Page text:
MONDAY, AUGUST 1, 2022
The Girl with the Lemonade Stand: Long ago and far away, Erich Auerbach wrote a highly-regarded book, Mimesis: The Representation of Reality in Western Literature.
Mimesis is still in print. For unknown reasons, our junior year in high school literature class was assigned to read and analyze one part of the difficult text.
What the heck is Mimesis about? The leading authority on the book describes it in this manner:
Mimesis: The Representation of Reality in Western Literature (German: Mimesis: Dargestellte Wirklichkeit in der abendländischen Literatur ) is a book of literary criticism by Erich Auerbach, and his most well known work. Written while Auerbach was teaching in Istanbul, Turkey, where he fled after being ousted from his professorship in Romance Philology at the University of Marburg by the Nazis in 1935, it was first published in 1946...
Mimesis opens with a comparison between the way the world is represented in Homer’s Odyssey and the way it appears in the Bible. From these two seminal Western texts, Auerbach builds the foundation for a unified theory of representation that spans the entire history of Western literature, including even the Modernist novelists writing at the time Auerbach began his study.
A unified theory of representation that spans the entire history of Western literature! For the record, it was that very opening chapter, concerning the Odyssey and the Old Testament, with which our class attempted to work, back in one of the last few years before the war in Vietnam fully hit.
That opening chapter is called Odysseus' Scar. In the words of the authority, "Auerbach begins with a close reading of brief excerpts from Homer in which, upon Odysseus’ homecoming, his old nursemaid Euryclea recognizes the hero by the scar on his thigh."
Let it be noted that Odysseus has been forced to return home in disguise, the better to beat back his wife's unruly suitors. Because twenty difficult years have passed, recognition would be extremely difficult if not for the scar on his thigh.
The faithful dog Argos knows him first. When Euryclea performs the ritual washing of feet, she startles at the familiar mark upon this stranger's leg:
she started to bathe her master. Then,
in a flash, she knew the scar—
that old wound
made years ago by a boar's white tusk when Odysseus
went to Parnassus, out to see Autolycus and his sons...
as the old nurse cradled his leg and her hands passed down
she felt it, knew it, suddenly let his foot fall—
down it dropped in the basin—the bronze clanged,
tipping over, spilling water across the floor.
For the record, Odysseus' life is put in danger when he's recognized by this faithful servant. We're offering you the translation by Professor Fagles.
According to Auerbach, the Greeks told their stories—represented reality—in one way; the architects of the Old Testament had a different approach. Over the weekend, those high school days leaped into our heads as we watched The Post, the Oscar-nominated 2017 film.
The Post was being offered for free by On Demand; we decided to give it a look. As we did, we marveled at the childish way Hollywood, at its highest level, had chosen to tell its story—had chosen to represent the reality of our own place and time.
The Post was nominated for Best Picture; it's also heavily larded with silly, improbable slapstick. If the film defines a genre, we'd call it "Saving Democracy Cute." We expect to offer examples as the week proceeds.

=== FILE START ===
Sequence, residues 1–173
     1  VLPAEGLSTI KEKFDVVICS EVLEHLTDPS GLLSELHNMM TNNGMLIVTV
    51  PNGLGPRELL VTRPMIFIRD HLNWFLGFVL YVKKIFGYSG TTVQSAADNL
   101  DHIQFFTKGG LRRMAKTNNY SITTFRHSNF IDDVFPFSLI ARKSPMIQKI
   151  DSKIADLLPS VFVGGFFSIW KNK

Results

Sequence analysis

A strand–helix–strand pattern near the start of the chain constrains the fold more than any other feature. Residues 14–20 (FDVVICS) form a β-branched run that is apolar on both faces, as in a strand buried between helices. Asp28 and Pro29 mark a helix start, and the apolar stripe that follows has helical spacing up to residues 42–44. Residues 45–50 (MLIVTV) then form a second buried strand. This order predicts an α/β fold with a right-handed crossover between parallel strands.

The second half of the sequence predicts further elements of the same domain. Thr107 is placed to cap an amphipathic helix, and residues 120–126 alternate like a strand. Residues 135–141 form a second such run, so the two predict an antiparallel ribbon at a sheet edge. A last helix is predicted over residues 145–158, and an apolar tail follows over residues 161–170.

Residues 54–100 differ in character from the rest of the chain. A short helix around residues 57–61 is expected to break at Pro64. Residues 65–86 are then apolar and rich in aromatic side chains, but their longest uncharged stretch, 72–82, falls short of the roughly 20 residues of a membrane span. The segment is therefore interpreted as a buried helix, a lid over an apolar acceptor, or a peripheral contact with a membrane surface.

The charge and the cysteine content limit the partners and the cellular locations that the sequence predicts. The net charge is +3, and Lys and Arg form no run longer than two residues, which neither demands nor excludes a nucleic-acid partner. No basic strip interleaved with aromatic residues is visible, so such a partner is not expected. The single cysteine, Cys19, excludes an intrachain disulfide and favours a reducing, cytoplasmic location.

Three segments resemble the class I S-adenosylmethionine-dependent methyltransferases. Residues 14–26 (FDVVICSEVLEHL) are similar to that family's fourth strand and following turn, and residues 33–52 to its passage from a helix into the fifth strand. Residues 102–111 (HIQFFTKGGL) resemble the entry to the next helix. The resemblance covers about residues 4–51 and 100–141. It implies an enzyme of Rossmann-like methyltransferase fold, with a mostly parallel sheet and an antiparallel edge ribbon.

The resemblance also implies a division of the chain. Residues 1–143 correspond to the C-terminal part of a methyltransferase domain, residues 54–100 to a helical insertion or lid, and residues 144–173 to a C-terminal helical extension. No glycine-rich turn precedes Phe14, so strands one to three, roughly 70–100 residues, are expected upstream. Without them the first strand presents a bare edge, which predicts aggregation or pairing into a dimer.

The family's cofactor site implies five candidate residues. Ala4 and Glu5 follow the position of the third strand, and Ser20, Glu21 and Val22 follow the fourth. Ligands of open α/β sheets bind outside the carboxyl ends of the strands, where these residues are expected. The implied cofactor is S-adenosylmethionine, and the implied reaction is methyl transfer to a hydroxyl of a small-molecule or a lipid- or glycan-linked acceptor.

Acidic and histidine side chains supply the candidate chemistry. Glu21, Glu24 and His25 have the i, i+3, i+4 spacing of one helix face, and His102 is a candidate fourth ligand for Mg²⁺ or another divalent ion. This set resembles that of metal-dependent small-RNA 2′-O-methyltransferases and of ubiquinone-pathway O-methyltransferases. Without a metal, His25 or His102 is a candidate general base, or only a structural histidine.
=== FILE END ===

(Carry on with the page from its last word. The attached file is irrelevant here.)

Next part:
Critics praised The Post to the skies. As a guess, that may in part have been in deference to its famous director.
For ourselves, we thought of the Auerbach text as we observed the constant insertion of silly business into what was supposed to be a deeply serious bit of story-telling. We wondered if a culture which chooses to tell its important stories this way can really expect to survive.
The Post offers a somewhat unbalanced account of the way the so-called Pentagon Papers came to be published in 1971. Those top secret, classified documents offered a punishing historical account of the way the United States involved itself in the warfare in Indochina, eventually leading to the war in Vietnam.
The film purports to concern at least two extremely serious topics—the vast importance of a free press, along with the emergence of women in public life during the era in question.
That said, representational clowning is present throughout. That ranges from the messenger boys who keep coming within a whisker of getting run down by New York City taxicabs to the silly parading of The Adorable Ten-Year-Old Who's Running the Lemonade Stand.
True story! As we watched the highly-regarded film, we didn't remember who the director had been. We were so struck by the childish way The Post was representing reality that we put the film on pause and hurried away to check.
As it turns out, the film was directed by the Homer of our time. We were struck by the fact that such an august chronicler of contemporary American culture was telling this allegedly important story in this strangely unserious way.
Also, we thought of the way certain stories are being told, right now today, within the upper-end press corps. We'll admit that the chronicling of "the Secret Service missing texts" came first to mind.
Critics praised The Post to the skies. We were struck by its insistence on a certain lack of seriousness.
At the highest ends of our failing culture, are we able to "represent reality" in a serious way at the present time? Looking at our press corps' story-telling and at its attempts at analysis, we expect to fumble with this question all through the course of the week.
Tomorrow: "Whatever you are feeling is valid"